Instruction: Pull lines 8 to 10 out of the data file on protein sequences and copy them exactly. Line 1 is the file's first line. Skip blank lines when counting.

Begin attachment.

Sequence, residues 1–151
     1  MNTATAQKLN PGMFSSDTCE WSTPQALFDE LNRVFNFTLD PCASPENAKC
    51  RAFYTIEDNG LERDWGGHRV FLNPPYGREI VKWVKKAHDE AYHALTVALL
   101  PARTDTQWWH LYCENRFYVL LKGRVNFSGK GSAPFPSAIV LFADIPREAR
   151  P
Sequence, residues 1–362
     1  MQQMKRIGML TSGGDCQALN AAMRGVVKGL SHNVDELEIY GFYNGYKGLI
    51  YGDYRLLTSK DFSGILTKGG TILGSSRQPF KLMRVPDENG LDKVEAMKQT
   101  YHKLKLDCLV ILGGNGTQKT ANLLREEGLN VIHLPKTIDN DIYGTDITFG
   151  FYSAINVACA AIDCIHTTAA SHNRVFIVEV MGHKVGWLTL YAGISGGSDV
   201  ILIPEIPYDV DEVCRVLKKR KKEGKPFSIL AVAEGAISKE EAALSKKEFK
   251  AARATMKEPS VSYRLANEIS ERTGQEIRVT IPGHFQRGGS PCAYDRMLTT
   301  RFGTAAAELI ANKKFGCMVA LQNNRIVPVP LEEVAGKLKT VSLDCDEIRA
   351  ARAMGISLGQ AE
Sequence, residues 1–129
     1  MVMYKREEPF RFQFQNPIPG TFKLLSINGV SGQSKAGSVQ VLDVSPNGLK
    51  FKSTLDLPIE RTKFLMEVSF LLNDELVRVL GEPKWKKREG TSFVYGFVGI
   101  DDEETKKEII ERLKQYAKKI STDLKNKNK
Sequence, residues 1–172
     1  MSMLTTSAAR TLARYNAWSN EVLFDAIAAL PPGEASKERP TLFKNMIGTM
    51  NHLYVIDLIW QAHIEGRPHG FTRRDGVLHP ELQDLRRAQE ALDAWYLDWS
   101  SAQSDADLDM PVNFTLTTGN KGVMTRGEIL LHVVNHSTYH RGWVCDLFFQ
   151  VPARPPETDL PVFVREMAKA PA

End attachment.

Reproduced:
    51  YGDYRLLTSK DFSGILTKGG TILGSSRQPF KLMRVPDENG LDKVEAMKQT
   101  YHKLKLDCLV ILGGNGTQKT ANLLREEGLN VIHLPKTIDN DIYGTDITFG
   151  FYSAINVACA AIDCIHTTAA SHNRVFIVEV MGHKVGWLTL YAGISGGSDV